The UK formally left the EU on 31 January 2020. This is not the end, or the beginning of the end, it is the end of the beginning. The much more important future relationship needs to be determined. There is a hiatus until 31 December 2020 when nothing changes with regard to free trade and movement of people between the UK and the EU.
During this transition period the UK and the EU will try to hammer out the future relationship. The EU consider the timing too short. Boris Johnson insists there will be no extension beyond 31 December 2020. There are plenty of commentators providing views such as:
a) A framework agreement will be agreed within this time period covering the big points if not all the detail.
b) There will be an extension.
Few say there will be a no deal scenario, but nobody knows for sure.
The big issue to be resolved is the extent to which the UK needs to align with EU regulations. The EU is maintaining that to have significant free access to the EU market, the UK must align; the EU is concerned about 'unfair' competition if the UK becomes a 'regulatory light jurisdiction'. Boris Johnson is most reluctant, for now, to concede this.
For UK businesses and international businesses operating in the UK or trading from the UK into the EU are there any practical matters you ought to be thinking about now? A few thoughts are set out below.
- Goods: The government is advising that all exporters and importers of goods across EU/UK borders register for an Economic Operators Registration and Identification number (EORI) to help facilitate the movement of goods from the UK to the EU and vice versa. This applies whether or not a deal is struck. If your business imports or exports services, and doesn’t move physical goods across borders, it will not need an EORI.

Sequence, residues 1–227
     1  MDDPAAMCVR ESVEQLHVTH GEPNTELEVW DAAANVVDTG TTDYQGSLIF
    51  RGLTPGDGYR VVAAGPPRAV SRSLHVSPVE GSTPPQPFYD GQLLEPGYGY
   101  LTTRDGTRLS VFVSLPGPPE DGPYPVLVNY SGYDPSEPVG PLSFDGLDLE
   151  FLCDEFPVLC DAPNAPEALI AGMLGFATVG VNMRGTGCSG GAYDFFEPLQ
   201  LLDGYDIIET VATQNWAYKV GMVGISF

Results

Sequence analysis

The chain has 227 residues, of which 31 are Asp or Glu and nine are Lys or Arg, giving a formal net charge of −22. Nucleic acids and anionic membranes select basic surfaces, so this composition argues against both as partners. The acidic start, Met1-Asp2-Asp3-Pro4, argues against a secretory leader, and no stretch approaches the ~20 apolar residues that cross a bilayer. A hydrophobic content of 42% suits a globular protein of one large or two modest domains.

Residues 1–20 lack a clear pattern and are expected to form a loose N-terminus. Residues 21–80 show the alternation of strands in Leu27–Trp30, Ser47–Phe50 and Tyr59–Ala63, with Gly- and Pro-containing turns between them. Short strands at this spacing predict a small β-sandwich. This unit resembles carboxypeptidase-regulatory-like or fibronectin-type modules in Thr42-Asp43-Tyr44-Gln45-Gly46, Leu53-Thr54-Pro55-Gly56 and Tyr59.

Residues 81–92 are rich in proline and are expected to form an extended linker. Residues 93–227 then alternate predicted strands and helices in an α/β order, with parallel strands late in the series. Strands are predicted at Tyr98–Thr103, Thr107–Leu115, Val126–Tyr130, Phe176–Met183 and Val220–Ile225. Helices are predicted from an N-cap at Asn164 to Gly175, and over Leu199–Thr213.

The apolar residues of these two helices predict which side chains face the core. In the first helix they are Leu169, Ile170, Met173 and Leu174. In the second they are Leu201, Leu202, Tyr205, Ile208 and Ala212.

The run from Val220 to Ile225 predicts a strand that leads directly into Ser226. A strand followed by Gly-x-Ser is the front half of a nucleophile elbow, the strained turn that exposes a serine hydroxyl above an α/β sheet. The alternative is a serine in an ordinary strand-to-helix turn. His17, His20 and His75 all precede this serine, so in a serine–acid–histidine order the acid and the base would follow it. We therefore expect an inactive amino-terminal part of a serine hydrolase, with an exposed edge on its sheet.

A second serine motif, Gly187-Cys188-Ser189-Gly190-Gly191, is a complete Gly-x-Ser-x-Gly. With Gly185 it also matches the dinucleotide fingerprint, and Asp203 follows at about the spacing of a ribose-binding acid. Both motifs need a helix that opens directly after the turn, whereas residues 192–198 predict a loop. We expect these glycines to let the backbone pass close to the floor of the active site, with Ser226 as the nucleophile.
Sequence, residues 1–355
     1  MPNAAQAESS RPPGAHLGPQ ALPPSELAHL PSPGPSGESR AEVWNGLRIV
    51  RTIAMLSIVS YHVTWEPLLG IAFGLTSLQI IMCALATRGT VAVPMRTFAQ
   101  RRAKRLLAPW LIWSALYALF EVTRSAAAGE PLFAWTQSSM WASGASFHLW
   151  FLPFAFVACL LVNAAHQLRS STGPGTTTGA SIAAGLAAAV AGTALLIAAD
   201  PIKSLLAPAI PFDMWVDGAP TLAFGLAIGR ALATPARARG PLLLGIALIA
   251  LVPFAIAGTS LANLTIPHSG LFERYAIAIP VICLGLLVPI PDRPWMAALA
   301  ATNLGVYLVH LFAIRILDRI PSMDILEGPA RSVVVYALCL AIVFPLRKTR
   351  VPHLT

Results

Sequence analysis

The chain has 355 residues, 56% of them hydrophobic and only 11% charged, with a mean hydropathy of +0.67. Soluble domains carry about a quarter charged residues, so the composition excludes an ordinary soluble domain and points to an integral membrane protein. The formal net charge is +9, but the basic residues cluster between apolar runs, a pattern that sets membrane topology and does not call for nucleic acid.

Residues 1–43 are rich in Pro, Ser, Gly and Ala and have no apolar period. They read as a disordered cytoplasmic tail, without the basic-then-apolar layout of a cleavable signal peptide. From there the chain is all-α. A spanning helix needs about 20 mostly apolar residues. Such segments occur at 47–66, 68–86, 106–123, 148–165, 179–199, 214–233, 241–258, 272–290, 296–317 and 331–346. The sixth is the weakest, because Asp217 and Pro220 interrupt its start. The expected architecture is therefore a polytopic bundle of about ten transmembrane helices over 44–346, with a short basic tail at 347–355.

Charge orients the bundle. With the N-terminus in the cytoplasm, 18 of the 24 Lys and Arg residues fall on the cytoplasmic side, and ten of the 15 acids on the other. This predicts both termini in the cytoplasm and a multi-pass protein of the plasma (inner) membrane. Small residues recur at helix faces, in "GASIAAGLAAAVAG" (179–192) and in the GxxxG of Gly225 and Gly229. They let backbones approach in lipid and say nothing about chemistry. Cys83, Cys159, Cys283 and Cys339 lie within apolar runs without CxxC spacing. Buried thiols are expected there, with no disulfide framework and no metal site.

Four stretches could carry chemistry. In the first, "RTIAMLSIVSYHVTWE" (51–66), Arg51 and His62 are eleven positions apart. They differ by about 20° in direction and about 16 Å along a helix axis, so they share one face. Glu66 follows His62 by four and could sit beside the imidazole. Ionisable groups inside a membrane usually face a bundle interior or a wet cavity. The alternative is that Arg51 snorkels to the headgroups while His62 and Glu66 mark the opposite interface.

- Personnel: Many businesses will have staff members who are EEA or Swiss nationals (the EEA includes EU countries and also Iceland, Liechtenstein and Norway). Regardless of the future trading relationship, EEA or Swiss citizens will need to make a free application under the EU Settlement Scheme and prove their identity to continue living and working in the UK. If no deal is struck this needs to be done before 31 December 2020. A longer period applies if a deal is done but why wait and take the risk?
- IP: At present IP rights holders in respect of goods placed in the UK market cannot prevent or control how those goods are distributed within the EU i.e. their IP rights are "exhausted" such that they cannot prevent parallel exports to the EU. This could change and accordingly distributors should be wary of contracting now to supply IP rich goods for delivery after 31st December 2020 without checking the position first.
- Data: Businesses should consider the extent to which their operations are reliant on transfers of personal data and what risks they may be exposed to if there is no complete agreed data solution by 31st December 2020 to allow transfer of personal data between the EEA and the UK to continue, and what steps can be taken to mitigate these risks.